The complexities of the post-graduate Canadian work permit for international students

Canada’s post-graduate work permit (PGWP) program allows international students who have completed certain Canadian post-secondary programs to obtain work permits after graduating. The work permits are open, meaning that the graduates can work for any employer in any Canadian province. It is a fantastic program that enhances the competiveness of Canadian post-secondary institutions internationally, and is normally an essential step for international graduates hoping to obtain Canadian permanent residency.
However, every year there are many international students who mistakenly think that they will be eligible to participate in the program after graduating only to discover midway through their studies that they cannot. So if you’re an international student in Canada, it’s critical that you understand how the PGWP program works.
Who’s eligible for PGWP?
In order for an international graduate to obtain a PGWP after graduating in Canada (excluding Quebec), an international student must:
  • have a valid study permit when applying for their PGWP
  • have continuously studied full time in Canada, except for the final academic session, where part-time studies are permitted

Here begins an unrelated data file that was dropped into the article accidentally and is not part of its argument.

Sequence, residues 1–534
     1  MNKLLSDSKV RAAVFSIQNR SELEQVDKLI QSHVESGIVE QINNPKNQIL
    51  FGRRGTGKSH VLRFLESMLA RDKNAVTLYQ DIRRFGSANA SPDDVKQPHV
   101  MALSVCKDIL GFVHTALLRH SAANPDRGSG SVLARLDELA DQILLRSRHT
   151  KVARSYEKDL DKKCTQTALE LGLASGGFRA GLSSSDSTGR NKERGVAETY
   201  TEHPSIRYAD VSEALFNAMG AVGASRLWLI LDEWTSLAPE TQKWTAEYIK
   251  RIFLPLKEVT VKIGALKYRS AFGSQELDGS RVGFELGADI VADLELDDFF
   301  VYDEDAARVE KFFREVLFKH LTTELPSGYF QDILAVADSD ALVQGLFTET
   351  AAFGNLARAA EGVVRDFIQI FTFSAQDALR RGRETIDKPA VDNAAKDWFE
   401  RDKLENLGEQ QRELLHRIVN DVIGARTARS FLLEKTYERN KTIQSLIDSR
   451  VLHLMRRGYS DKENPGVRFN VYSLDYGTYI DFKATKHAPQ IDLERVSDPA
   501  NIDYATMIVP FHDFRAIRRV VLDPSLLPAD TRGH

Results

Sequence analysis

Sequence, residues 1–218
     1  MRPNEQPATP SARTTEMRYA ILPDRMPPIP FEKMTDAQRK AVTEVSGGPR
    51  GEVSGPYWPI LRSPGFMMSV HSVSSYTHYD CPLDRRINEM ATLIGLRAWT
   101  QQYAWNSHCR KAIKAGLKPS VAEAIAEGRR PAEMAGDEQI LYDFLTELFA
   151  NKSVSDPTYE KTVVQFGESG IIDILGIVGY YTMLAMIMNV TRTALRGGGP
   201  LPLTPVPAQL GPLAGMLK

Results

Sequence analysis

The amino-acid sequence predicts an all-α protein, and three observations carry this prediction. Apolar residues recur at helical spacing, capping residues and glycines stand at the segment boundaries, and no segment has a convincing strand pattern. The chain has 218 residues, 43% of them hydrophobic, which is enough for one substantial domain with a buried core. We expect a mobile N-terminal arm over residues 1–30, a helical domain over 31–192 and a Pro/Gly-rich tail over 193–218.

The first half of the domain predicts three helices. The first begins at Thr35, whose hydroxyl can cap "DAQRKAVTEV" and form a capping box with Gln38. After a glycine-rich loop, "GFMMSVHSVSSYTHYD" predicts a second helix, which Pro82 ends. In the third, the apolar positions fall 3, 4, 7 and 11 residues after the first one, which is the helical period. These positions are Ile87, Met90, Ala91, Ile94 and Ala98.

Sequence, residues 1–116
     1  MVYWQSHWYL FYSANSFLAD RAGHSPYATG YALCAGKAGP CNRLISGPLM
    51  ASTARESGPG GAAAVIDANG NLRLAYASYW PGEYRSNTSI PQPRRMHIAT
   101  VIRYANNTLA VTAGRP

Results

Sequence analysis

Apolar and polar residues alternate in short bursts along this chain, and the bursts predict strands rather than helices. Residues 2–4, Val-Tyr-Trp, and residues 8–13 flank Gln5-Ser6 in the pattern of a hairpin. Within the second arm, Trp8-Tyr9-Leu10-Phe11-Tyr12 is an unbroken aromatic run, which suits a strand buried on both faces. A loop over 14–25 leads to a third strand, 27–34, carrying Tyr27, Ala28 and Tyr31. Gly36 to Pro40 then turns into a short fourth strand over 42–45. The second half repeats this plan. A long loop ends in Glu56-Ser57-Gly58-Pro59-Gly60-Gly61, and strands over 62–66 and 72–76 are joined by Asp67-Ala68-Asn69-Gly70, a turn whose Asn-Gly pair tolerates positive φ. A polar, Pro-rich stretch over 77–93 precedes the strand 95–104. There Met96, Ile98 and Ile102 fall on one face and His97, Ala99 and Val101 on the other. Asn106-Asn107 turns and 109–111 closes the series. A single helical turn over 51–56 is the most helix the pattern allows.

• have completed and passed a program of study that is at least eight months in duration at either a public post-secondary institution, a private post-secondary institution that operates under the same rules and regulations as public institutions, or at a Canadian private institution if the student was enrolled in a program of study that led to a degree
  • apply for the work permit within 90 days of receiving written confirmation from their educational institution that they have met the requirements for completing their program of study.
Permit validity
The duration of a PGWP is equal in length to the educational program completed, up to a maximum of three years. Any completed program that is longer than two years will result in a three-year work permit.  In other words, a two-year diploma and a four-year degree will both result in a three-year work permit.